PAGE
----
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French Lessons: Adventures with Knife, Fork, and Corkscrew Hardcover – Deckle Edge, May 8, 2001

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Editorial Reviews Review

Peter Mayle, author of the bestselling A Year in Provence has done it again--but differently. Traveling this time beyond his adopted Provence throughout France, the food and travel writer has produced French Lessons, a celebration of many of that country's gastronomic joys. Whether pursuing La Foire de Fromages, the annual cheese fair at Livarot; a Burgundian marathon offering runners Médoc refreshment; or a village truffle mass that concludes with a heady dégustation of the newly blessed tuber, Mayle takes his readers in hand and shows all. Wide-eyed yet knowing, ever affable but with a touch of mischief, he's an ideal companion, the best possible narrator of his lively food adventures.

Mayle's gastronomic baptism occurs when, as a 19-year-old, he dines for the first time in France. "At the first mouthful of French bread and French butter," he writes, "my taste buds, dormant until then, went into spasm." The paroxysm leads to serious food-and-wine perambulations--and, finally, to chapters including "The Thigh-Taster of Vitel" (a frog-eating fete); "Slow Food" (snail love in Martigny les Bains) and "The Guided Stomach" (an investigation of the Michelin Guide restaurant inspection), among others. Readers are also present for a debate on the secret of the perfect omelet; a search for the best possible chicken in Bourg-en-Bresse; and a visit to a St. Tropez restaurant notable for its scantily clad habitués. Those familiar with Mayle's work, and those yet to discover it, are in for a treat. --Arthur Boehm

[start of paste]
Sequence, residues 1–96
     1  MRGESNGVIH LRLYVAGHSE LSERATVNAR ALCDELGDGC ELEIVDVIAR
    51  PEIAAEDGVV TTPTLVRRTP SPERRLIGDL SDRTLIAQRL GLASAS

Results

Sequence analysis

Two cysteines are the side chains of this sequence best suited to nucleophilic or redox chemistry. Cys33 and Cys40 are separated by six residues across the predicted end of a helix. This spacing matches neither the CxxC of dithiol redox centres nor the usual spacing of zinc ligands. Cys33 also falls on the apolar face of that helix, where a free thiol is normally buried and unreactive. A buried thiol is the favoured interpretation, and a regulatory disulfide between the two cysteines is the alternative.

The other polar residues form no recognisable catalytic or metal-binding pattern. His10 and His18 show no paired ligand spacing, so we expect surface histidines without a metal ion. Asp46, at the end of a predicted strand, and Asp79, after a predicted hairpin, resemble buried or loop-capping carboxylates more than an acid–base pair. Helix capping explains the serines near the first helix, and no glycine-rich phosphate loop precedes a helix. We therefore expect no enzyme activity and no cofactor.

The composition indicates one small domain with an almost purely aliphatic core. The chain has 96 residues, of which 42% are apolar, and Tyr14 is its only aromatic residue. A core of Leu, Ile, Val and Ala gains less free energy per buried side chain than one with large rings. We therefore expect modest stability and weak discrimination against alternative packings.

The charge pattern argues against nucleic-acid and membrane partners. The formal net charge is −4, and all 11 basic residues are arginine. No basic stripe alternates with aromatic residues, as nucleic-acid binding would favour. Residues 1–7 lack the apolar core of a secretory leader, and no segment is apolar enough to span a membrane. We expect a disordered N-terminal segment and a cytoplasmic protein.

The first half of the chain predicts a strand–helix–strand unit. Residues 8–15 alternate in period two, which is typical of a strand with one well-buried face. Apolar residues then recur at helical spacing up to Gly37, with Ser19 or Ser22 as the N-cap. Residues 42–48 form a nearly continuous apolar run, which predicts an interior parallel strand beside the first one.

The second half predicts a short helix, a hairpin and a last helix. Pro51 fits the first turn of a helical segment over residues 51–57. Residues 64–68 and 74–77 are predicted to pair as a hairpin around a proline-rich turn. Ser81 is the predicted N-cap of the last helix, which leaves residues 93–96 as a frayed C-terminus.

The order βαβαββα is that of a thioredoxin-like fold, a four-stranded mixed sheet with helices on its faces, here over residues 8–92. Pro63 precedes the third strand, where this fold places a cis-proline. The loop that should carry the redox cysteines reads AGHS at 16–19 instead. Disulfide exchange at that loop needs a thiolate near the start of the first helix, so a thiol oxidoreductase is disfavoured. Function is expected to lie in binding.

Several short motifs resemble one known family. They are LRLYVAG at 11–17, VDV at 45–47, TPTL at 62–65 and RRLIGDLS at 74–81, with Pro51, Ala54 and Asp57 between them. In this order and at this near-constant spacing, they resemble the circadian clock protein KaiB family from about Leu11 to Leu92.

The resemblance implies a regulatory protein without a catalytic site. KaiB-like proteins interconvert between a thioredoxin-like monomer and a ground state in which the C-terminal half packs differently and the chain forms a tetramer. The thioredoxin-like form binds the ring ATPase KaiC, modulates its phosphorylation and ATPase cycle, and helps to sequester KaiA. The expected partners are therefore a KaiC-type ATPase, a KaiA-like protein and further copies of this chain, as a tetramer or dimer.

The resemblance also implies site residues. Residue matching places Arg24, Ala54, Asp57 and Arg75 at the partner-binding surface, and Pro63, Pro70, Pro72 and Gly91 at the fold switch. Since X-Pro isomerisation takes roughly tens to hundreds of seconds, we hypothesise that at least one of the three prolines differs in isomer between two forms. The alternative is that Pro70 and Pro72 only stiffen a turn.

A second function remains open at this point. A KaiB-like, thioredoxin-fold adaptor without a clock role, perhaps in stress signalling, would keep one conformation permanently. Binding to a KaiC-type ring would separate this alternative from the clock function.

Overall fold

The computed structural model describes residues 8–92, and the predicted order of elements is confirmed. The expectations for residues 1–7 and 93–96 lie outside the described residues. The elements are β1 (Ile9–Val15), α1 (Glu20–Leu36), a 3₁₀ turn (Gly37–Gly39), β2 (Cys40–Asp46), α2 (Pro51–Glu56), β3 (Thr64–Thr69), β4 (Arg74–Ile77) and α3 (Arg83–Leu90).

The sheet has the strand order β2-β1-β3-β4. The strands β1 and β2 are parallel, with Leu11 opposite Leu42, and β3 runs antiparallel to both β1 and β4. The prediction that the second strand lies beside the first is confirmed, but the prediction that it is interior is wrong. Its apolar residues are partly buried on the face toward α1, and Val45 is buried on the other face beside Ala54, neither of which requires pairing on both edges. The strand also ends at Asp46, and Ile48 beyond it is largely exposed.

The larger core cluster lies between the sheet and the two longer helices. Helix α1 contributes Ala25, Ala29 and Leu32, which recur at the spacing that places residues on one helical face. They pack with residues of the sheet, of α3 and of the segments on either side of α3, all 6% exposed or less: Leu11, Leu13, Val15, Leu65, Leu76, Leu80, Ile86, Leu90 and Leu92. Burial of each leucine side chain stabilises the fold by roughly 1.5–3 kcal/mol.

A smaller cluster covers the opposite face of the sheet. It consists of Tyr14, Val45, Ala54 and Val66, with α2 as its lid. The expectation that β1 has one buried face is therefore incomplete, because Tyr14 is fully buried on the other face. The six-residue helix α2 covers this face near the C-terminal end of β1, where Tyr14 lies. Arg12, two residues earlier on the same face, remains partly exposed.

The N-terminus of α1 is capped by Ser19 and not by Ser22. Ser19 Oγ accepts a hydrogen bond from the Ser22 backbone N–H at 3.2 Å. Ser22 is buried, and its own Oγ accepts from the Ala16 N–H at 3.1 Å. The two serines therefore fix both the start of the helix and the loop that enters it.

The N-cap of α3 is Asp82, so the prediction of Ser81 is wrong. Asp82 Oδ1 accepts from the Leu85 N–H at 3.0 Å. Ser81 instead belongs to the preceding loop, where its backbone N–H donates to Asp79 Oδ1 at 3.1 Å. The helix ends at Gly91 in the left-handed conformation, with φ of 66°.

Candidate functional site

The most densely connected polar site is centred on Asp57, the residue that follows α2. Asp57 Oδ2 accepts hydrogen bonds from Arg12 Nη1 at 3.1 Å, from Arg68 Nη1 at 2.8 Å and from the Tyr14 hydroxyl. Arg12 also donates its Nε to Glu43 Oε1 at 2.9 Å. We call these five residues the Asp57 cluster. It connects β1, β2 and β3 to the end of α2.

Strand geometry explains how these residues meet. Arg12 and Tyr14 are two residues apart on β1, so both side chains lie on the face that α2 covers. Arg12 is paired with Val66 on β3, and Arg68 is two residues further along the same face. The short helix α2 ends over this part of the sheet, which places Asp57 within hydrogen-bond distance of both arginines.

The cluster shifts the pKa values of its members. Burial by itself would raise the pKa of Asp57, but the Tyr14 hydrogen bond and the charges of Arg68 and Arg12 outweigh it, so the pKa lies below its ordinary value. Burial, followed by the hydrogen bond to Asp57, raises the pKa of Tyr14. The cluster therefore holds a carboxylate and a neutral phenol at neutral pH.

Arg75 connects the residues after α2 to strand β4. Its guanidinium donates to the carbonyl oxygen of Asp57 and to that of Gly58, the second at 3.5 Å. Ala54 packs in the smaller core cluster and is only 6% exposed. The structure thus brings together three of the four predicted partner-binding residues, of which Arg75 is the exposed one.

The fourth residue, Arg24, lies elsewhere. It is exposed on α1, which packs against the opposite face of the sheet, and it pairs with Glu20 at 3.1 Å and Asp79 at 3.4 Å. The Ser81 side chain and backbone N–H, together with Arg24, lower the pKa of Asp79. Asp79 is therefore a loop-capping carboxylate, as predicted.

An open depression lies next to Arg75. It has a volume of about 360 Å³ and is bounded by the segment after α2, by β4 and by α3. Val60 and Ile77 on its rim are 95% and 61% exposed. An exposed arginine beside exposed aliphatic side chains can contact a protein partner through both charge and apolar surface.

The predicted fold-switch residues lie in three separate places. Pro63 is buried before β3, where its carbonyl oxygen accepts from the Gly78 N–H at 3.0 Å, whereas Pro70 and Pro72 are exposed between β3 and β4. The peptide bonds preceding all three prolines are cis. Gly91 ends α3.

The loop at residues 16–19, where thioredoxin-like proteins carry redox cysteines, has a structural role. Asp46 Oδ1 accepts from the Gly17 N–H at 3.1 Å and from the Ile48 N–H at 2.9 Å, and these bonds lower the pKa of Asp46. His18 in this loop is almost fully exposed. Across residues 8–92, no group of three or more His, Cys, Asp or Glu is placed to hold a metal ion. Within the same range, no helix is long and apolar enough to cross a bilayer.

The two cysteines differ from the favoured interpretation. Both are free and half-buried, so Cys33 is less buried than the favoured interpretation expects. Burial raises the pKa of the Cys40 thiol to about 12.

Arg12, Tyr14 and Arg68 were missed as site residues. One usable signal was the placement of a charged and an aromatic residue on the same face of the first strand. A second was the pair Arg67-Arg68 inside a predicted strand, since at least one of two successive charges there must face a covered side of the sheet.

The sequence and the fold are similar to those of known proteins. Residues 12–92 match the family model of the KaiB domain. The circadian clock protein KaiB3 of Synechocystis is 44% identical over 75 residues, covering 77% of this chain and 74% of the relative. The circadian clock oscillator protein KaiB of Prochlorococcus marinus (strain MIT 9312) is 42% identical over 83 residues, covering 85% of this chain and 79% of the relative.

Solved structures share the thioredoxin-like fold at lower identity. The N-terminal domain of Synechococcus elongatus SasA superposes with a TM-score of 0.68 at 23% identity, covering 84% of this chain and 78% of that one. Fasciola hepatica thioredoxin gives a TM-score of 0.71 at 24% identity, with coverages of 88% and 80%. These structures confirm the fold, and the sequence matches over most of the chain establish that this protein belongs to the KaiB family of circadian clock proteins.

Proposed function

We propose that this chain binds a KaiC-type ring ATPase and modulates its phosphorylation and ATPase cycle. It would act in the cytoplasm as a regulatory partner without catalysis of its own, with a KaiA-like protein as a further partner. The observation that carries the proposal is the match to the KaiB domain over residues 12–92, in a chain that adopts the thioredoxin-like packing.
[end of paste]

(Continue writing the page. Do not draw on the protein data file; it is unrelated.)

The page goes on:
From Publishers Weekly

In this latest book, part travelogue, part guide to cuisine, Mayle leaves his beloved Provence behind and sets out to experience gastronomic pleasures available at food festivals and celebrations throughout France. The always curious and friendly Mayle befriends colorful locals at such events as a frog's-leg festival in Vitel, where "thigh tasting" is regarded as a reverent act. The best advice when eating escargots, he finds, is that one should eat them "through the nose, not through the eyes." By far the most fascinating and bizarre event is a Catholic mass in the village of Richerenches whose main purpose is giving thanks for the adored, rare and costly black truffle. Mayle's wry, colorful and playful prose effectively conveys just how seriously the French take their food. Simon Jones, who also gave a wonderful reading of Mayle's A Dog's Life, is a highly entertaining performer with a voice and energy reminiscent of John Cleese. Paired with Mayle's witty and unpretentious style, his reading makes listening to this book delicious and satisfying. Simultaneous release with the Knopf hardcover.